Loneliness and social networking

A survey in Yours Magazine, quoted in Monday’s Telegraph, made for sad reading. Teenagers, it said, as are lonely as the elderly because they spend more of their time on social networking websites such as Facebook than they do going out to meet real people and develop real friendships. The survey found that 6 out of 10 teenagers find it difficult to find and make friends, despite having an average of 243 ‘Friends’ on Facebook, and that they experience loneliness as a result.

This survey highlights one of the central dangers of social networking – namely that, if it is allowed to run unchecked, it can be extremely isolating, and result in fewer enriching relationships rather than more, as the medium promises. It is easy to see how anyone – let alone a teenager, who is still in the process of discovering him or herself, and working out how to relate to others – can mistake the casualness of interaction online, and the immediacy of response, for real friendship; in actual fact, although it is possible to keep up with information online, it stands to reason that it is much, much harder to maintain or develop relationships. Where are the non-verbal clues to what someone is really thinking and feeling? Where is the empathy communicated in a smile or a hug or a touch?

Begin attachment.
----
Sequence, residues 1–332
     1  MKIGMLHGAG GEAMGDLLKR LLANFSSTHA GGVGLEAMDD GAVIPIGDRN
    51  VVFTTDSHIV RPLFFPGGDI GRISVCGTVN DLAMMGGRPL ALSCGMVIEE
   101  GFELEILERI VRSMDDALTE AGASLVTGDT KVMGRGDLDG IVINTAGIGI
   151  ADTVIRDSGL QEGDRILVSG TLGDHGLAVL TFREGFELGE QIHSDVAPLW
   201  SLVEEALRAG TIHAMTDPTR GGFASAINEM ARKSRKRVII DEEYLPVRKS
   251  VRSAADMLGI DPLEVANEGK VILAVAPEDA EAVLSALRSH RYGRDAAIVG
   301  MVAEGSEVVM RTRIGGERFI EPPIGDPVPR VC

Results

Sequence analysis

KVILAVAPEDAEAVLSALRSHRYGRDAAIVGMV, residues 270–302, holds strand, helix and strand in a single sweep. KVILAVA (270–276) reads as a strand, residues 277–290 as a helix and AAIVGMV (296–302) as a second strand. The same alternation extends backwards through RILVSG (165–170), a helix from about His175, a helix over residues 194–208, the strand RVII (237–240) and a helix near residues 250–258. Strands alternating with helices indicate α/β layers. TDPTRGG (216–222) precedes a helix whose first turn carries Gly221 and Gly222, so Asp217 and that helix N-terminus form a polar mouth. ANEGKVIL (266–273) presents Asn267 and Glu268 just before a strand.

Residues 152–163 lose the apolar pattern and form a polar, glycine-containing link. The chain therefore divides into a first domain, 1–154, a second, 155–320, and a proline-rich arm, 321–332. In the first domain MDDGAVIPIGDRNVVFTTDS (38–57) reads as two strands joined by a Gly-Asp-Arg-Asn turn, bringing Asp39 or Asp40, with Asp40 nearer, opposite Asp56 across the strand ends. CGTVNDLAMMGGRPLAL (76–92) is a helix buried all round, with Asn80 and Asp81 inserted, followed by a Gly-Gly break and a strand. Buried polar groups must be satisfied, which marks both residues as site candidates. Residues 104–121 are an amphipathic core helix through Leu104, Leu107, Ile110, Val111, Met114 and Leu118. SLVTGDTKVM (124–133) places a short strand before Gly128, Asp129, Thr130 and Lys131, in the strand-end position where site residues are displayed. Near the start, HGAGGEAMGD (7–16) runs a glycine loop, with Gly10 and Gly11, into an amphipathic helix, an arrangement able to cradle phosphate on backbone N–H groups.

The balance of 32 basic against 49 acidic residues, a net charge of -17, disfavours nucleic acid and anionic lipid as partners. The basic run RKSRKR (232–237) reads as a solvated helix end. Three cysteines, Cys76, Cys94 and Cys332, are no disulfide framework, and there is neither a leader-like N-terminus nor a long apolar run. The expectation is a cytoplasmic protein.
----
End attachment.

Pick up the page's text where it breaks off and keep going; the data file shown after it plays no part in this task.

Facebook most certainly has its place, and at its best can enable instant communication in a way which allows people to make good use of their time to keep in touch with people with whom they would otherwise fall out of contact. But it should never replace actual ‘in person’ communication, and we need to help protect young people in particular against its excesses. This is especially the case in regard to the disconnect it can create between real and online worlds which can so easily develop: it is very easy to withdraw to an artificial world which seems in our control, at the click of a button. Teenagehood is a time for exploration and development, and an absolutely central part of this is the development of how to deal with, and live with, other people. Let’s make sure we get the message out, loud and clear, that no matter how challenging this is, it has to be done in real life, face-to-face.

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